• A court judgment sets a legal precedent which leads to effectively clarifying laws for future cases. This helps the litigants to incorporate previous judgements which ultimately helps them to boost their arguments and makes their case stronger and effective.

Comparative Analysis of Mediation and Litigation[vi]:

  • Mediation is faster and generally less expensive than a trial. Whereas, trial or the process of Litigation is more time consuming due to increasing cost of prosecuting and defending a case, court fees, lawyer’s fees and incidental expenses.
  • The process of Mediation involves full confidentiality and privacy with regard to facts or views expressed by the parties but in case of Litigation, the risk of taking a case to the trial attracts public attention which might not be beneficial to the respective parties.
  • In Mediation, parties have more control over the outcome as they are actively involved in the dispute, unlike in trial where the lawyers are contesting the case of the parties and Judges are supposed to give decisions.
  • The decision given by the Mediator is not binding on the parties, whereas in a trial the Judgement given by the Judge is final and binding on both the parties.

Conclusion and Suggestions:

Mediation is considered to be a better alternative than litigation as it attempts to solve a case without going to the trail.  Due to its speedier and flexible mechanism, it helps the parties in facilitating their grievances in less complex form and giving them the desired results. Mediation can be considered as a much better platform if the parties wish to make a settlement. One of the biggest benefits of mediation is the fact that settling the case before it goes for the trial saves a lot of time, effort and money.  Mediation should be promoted and encouraged as it leads to faster results and quick disposal of cases besides taking the burden from the already over clogged mechanism of courts. The lawyers should not take mediation as an effort to curtail their practise and participation in the justice dispensation system rather they should be encouraged to give their consent for mediation and help the parties arrive at a settlement.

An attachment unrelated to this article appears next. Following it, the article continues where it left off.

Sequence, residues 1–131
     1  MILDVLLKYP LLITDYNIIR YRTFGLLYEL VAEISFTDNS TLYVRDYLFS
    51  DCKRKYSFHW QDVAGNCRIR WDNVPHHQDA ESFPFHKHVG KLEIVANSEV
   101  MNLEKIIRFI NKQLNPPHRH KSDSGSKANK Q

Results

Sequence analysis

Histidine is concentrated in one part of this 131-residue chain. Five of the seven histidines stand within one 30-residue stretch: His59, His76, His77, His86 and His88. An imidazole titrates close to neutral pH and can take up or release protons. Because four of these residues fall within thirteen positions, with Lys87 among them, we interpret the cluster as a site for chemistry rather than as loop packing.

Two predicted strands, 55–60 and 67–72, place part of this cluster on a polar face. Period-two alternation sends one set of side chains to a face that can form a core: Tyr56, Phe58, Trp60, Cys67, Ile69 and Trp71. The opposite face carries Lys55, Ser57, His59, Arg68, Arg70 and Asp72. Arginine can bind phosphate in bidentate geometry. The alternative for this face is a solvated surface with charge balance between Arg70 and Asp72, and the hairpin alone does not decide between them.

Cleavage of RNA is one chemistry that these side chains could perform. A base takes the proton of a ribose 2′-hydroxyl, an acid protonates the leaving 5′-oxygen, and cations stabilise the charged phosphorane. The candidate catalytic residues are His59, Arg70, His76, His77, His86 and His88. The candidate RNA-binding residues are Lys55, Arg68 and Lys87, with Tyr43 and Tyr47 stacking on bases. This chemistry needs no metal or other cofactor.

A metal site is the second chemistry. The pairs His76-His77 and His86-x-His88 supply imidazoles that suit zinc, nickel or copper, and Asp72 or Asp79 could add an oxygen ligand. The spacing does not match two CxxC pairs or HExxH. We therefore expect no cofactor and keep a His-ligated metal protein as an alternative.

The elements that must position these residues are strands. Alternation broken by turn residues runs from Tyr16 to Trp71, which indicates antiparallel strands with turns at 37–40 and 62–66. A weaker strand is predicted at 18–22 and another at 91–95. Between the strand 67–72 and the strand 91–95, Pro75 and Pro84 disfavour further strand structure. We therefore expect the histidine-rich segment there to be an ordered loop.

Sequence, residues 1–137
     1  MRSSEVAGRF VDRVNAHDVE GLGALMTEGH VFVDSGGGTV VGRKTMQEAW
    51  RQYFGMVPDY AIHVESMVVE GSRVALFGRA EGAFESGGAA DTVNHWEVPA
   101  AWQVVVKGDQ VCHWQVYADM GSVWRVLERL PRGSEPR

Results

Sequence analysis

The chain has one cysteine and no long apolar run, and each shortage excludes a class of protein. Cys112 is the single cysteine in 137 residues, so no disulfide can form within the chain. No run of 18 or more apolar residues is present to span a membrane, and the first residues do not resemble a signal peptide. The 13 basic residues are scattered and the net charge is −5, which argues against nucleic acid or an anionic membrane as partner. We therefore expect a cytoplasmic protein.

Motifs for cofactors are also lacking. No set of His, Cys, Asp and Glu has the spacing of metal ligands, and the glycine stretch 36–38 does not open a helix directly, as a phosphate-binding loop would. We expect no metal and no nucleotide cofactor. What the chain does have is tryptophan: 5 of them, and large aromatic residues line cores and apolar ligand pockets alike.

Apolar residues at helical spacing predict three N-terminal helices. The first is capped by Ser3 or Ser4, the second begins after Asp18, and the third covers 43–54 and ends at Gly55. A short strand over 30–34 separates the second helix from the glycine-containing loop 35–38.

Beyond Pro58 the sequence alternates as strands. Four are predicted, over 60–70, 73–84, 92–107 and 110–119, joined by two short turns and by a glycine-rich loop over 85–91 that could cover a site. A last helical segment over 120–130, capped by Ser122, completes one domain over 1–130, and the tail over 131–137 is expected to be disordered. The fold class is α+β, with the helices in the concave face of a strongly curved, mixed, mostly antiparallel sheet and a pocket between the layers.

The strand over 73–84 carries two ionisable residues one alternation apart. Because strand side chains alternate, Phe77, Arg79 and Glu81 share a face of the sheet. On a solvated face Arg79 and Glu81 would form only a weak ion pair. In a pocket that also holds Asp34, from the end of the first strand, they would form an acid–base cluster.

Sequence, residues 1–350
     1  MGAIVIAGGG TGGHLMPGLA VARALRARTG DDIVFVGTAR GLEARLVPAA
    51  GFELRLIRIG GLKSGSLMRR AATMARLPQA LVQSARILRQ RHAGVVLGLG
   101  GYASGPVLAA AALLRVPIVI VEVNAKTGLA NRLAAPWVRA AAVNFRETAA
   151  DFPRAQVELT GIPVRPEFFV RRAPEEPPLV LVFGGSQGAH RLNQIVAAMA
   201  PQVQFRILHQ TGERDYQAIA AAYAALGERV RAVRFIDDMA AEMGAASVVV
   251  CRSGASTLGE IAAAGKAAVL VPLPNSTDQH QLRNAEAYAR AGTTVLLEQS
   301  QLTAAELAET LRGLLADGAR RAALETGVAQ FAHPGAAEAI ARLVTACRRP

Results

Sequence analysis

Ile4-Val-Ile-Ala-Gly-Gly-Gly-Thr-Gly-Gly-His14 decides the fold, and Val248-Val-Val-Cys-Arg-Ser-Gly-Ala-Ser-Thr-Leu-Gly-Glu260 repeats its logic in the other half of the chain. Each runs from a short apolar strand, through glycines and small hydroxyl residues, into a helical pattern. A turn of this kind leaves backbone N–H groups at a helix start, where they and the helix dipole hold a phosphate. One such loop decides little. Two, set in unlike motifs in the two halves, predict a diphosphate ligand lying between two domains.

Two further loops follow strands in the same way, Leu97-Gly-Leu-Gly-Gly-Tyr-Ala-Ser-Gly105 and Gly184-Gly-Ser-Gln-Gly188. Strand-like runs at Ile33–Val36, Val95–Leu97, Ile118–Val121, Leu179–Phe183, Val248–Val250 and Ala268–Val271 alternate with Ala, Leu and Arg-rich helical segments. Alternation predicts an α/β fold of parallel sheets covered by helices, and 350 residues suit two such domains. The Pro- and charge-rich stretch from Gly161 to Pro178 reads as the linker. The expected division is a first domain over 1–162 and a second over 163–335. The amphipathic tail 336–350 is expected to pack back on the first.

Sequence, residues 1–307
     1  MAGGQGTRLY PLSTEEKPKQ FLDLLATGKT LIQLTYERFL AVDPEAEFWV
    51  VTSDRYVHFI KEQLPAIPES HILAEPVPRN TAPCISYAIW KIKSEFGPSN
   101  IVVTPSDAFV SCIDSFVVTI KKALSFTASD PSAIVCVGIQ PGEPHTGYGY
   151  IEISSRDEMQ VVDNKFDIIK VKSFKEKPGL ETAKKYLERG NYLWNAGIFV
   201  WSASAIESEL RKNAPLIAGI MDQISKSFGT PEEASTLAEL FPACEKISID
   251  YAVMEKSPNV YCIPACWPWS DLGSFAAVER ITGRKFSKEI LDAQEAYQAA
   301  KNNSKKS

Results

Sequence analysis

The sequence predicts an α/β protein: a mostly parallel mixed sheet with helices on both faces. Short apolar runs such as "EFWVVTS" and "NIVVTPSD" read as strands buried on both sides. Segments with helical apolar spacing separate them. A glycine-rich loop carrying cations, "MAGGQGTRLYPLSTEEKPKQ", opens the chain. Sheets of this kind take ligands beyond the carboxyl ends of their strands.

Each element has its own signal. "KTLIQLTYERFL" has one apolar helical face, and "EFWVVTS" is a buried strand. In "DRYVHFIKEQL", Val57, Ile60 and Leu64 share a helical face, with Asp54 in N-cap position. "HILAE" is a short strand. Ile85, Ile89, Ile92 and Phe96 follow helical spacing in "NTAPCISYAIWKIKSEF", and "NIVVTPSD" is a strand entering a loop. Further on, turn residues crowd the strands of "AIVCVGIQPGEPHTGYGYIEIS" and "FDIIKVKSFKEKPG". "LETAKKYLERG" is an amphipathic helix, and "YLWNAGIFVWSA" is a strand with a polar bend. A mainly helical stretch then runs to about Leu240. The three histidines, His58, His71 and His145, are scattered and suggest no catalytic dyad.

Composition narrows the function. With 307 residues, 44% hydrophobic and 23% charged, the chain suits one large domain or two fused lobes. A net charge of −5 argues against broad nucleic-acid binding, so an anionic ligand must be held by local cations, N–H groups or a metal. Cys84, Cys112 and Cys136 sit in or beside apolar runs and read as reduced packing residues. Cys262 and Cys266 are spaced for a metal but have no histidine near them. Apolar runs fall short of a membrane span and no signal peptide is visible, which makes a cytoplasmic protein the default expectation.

The lawyers and legal professionals shall also be encouraged to participate in the process of mediation by giving them a practical experience by indulging in the process of training in pursuance of how to conduct negotiations, conciliation & mediation and enhancing their purview by helping them to enact a role of a mediator. The court shall also undertake the process of inculcating a habit of seeking recourse to Mediation as a preferred option to litigation

The imminent resistance to change from the legal profession also requires to be overcome and their apprehensions regarding dilution of work should be overcome. Rather it should be taken as an opportunity for an additional role and additional income. A shift in the focus of the legal profession should also be highlighted and the Bar Councils should be involved as an important stakeholder and formal changes in the legal curriculum should be brought in whereby the legal education hitherto centred on precedents must now accommodate practical training in negotiations, conciliation and mediation. The mediator must take this process to be a collaborative system rather than an adversarial process and must make suitable changes in the language and words to be used. The mediator should consciously eschew the words- liability, rights, damages and default. Courts must also be sanitised to undertake the process of inculcating a habit of seeking recourse to Mediation as a preferred option to litigation. It is high time that the potential of the process of Mediation bringing a paradigm shift in the focus of the legal system from adjudication to the settlement of disputes is recognised.

Concludingly, I would like to quote

“An ounce of Mediation is worth a pound of Arbitration and a ton of Litigation”.

Joseph Grynbann

Following is the Research Postulate and research questions forming part of my Research:

Whether Mediation is beneficial than Litigation?



[iii] (2010) 8 SCC 24




Leave a Reply

Your email address will not be published. Required fields are marked *